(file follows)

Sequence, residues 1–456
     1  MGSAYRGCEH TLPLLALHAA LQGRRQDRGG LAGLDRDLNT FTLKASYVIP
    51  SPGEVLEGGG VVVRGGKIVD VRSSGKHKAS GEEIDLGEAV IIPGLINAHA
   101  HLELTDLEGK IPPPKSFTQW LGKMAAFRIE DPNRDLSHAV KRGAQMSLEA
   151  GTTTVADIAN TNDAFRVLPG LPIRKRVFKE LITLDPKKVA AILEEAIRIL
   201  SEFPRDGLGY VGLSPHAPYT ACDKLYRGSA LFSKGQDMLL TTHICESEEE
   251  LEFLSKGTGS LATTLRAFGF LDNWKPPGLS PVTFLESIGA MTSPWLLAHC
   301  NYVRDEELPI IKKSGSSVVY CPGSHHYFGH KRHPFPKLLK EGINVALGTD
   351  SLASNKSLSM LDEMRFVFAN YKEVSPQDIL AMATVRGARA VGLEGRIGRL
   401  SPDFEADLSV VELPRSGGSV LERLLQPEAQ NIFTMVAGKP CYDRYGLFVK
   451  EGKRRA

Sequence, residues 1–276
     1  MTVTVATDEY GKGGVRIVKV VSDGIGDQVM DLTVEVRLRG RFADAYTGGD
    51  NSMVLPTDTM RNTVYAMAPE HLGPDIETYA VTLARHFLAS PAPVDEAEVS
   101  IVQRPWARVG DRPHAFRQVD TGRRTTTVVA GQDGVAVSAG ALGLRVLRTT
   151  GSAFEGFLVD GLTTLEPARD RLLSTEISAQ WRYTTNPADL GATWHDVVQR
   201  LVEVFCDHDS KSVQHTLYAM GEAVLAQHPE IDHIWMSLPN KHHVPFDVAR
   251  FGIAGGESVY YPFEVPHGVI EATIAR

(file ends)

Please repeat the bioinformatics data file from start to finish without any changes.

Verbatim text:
Sequence, residues 1–456
     1  MGSAYRGCEH TLPLLALHAA LQGRRQDRGG LAGLDRDLNT FTLKASYVIP
    51  SPGEVLEGGG VVVRGGKIVD VRSSGKHKAS GEEIDLGEAV IIPGLINAHA
   101  HLELTDLEGK IPPPKSFTQW LGKMAAFRIE DPNRDLSHAV KRGAQMSLEA
   151  GTTTVADIAN TNDAFRVLPG LPIRKRVFKE LITLDPKKVA AILEEAIRIL
   201  SEFPRDGLGY VGLSPHAPYT ACDKLYRGSA LFSKGQDMLL TTHICESEEE
   251  LEFLSKGTGS LATTLRAFGF LDNWKPPGLS PVTFLESIGA MTSPWLLAHC
   301  NYVRDEELPI IKKSGSSVVY CPGSHHYFGH KRHPFPKLLK EGINVALGTD
   351  SLASNKSLSM LDEMRFVFAN YKEVSPQDIL AMATVRGARA VGLEGRIGRL
   401  SPDFEADLSV VELPRSGGSV LERLLQPEAQ NIFTMVAGKP CYDRYGLFVK
   451  EGKRRA

Sequence, residues 1–276
     1  MTVTVATDEY GKGGVRIVKV VSDGIGDQVM DLTVEVRLRG RFADAYTGGD
    51  NSMVLPTDTM RNTVYAMAPE HLGPDIETYA VTLARHFLAS PAPVDEAEVS
   101  IVQRPWARVG DRPHAFRQVD TGRRTTTVVA GQDGVAVSAG ALGLRVLRTT
   151  GSAFEGFLVD GLTTLEPARD RLLSTEISAQ WRYTTNPADL GATWHDVVQR
   201  LVEVFCDHDS KSVQHTLYAM GEAVLAQHPE IDHIWMSLPN KHHVPFDVAR
   251  FGIAGGESVY YPFEVPHGVI EATIAR